So when you first mentioned it to me, Andrew - this was, again, October 2021. You only had just released it; it was like a new thing.
Yeah, that was really new.
Yeah. And I was like “Wow, this is amazing.” And now, having it experienced via Omni, that felt like magic. It just didn’t feel real. So do you want to tell us a little bit about KubeSpan now? Can you expand on what you told us in October? Because I’m sure you remember what you told us a year ago… [laughs]
I’m sure, I’m absolutely certain that I don’t. But let’s see if I do. Let’s see if I can be accurate. So yeah, KubeSpan, as you’ve already said, is really built on top of WireGuard. But the harder part of WireGuard is just doing like key distribution, and making other nodes aware of other nodes, and really orchestration. But WireGuard is incredibly fast, secure… It’s really, really great.
So KubeSpan just really is orchestration for how do nodes discover other nodes, and how do we automatically configure WireGuard, and how do we do key exchanges? And so there’s this lightweight discovery service that we run, where Talos will actually encrypt a blob of data, which ultimately just teaches other machines about itself, and they all sort of send their information there, congregate there, get information about each other from there, decrypt it using their keys, and now they know all the IP addresses of those machines, and they can go and communicate with them using WireGuard. It’s actually really, really simple. It’s just really taking WireGuard and trying to make that simplified for people. But WireGuard really is the magic, and it’s literally just a boolean flag within Talos. It’s no “Generate this key, and put this in etcd, and then run this daemon.” It’s just KubeSpan enabled = true. And then you’re done. It’s really great. It does feel like magic.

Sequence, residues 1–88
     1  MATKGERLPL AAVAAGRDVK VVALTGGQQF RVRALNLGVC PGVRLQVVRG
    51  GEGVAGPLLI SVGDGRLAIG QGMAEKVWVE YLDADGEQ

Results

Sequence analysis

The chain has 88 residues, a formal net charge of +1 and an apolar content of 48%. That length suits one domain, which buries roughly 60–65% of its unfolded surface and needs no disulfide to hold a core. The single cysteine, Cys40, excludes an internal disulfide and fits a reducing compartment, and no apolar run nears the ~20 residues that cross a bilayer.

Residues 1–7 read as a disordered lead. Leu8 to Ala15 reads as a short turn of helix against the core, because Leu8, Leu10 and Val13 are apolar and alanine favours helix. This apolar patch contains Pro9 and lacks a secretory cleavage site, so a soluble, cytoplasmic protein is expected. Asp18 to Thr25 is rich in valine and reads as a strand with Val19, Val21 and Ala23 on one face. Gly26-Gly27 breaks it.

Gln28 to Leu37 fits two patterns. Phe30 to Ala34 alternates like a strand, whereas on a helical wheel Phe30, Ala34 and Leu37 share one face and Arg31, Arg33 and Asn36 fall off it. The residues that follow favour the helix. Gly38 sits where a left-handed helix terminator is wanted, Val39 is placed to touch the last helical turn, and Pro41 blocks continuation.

Works across networks, behind firewalls… It’s pretty slick.
That’s in itself a piece of magic. WireGuard in itself is not as complicated as OpenVPN or IPsec to configure, but it still has its complexity. But KubeSpan - I mean, as Andrew says it, it’s just a boolean. I mean, I was thinking “Surely, there must be more to this.” There wasn’t. I was like “Where’s the rest, damn it? The docs don’t have anything… I don’t know. Does it work?” And everything just worked. So that was a very nice surprise.
Were you running in multiple locations that you needed KubeSpan?
Yeah. So this is it. So I told you before we started recording that we have four guests here… This is the moment.
Wow. Wow, that looks like some hardware right there… What is that? I mean, it’s a computer, I think… [laughs]
It is. Okay… So one of my Christmas presents - or shall I say two of my Christmas presents - were an open bench table…
To yourself, right?
To myself, of course… No. My wife got it for me. She knew exactly the color to get. Black. [laughter] Okay, so open bench table, fanless Sea Sonic PSU. Is that the right way up? It is.
Fanless so… A very old EVO 870… No, this way. SSD. That’s for storage. There’s an SD card… And this motherboard - it’s one of my first supermicros. I’ll have it forever. It’s an X9SCA-F. It’s 11 years old. Well, it will be 12 years old by the time this episode comes out. It was also a Christmas present, by the way. It was one of the first Xeons, the E3s, 1230… Max it out, 32 gigs of RAM… And this baby got Talos.